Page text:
Yet Wikibooks (whether or not it includes the GTA:SA book) was originally set up with an academic purpose, to provide textbooks for topics such as "physics" and "organic chemistry". It might be that some user thought that Wikibooks, with its video game strategy guides, was insufficiently academic, and this made necessary the separate Wikiversity project.

A mission to duplicate Wikibooks[edit]

Consider this quote from Wikiversity#Mission:

The development and cataloging of tests, teaching materials that go beyond the scope of Wikibooks such as slides and videos, complete courses, and more. All this information must be presented from a neutral point of view and represent the current state of scientific research.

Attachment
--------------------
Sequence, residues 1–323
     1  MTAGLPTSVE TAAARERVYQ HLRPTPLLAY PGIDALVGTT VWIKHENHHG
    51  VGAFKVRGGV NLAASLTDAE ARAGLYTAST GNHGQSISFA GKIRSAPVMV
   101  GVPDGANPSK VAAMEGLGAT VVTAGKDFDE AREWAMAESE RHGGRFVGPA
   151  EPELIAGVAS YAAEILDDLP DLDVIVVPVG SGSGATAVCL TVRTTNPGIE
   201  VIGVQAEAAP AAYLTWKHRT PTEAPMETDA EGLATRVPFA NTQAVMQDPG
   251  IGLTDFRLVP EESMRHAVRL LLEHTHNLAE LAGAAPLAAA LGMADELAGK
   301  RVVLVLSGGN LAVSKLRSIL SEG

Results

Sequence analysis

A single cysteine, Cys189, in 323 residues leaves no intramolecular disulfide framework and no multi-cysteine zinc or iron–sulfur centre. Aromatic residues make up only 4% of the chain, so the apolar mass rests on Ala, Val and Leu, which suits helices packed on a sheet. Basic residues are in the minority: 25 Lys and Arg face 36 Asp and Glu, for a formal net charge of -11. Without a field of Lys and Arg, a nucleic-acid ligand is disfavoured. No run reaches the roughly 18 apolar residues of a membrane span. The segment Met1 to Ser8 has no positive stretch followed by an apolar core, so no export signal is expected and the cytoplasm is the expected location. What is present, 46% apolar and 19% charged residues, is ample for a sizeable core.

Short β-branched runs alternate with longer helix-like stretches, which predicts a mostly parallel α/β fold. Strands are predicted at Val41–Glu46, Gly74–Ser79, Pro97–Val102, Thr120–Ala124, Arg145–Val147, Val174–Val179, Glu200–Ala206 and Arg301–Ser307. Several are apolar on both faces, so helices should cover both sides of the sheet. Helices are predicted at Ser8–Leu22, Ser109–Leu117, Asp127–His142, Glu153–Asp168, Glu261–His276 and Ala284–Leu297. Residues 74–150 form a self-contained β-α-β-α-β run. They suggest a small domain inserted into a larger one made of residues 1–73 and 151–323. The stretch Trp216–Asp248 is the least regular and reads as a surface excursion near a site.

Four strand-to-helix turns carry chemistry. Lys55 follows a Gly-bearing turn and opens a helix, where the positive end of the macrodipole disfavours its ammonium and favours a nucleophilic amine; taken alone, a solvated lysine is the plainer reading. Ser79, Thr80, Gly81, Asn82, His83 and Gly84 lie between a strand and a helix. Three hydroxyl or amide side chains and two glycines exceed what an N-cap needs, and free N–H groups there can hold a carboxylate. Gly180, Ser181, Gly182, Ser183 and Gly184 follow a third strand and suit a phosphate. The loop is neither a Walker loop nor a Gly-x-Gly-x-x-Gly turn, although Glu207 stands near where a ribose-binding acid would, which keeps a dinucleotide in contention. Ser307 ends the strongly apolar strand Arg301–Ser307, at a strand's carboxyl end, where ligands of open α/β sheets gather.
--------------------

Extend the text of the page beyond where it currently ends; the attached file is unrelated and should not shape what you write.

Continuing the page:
Most of these materials are not beyond the scope of Wikibooks. Textbooks can describe complete courses. There should not be a reason for Wikibooks to exclude media like slides or videos; Wikipedia and Wikinews feature media (though mostly audio). If Wikiversity enforces "neutral point of view", then that bans some of the ideas for collaborative projects by students. The remaining projects would probably be textbook modules or encyclopedia articles!

The other part of the "Wikiversity Mission" is:

A framework within which members of the community can actually take courses online.

This page interprets this quote to refer to forums and user profiles, which is actually the only feature that Wikiversity would provide, if it discards "collaborative projects". Wikiversity would not actually provide "lectures" or "homework" as that is already in the jurisdiction of Wikibooks.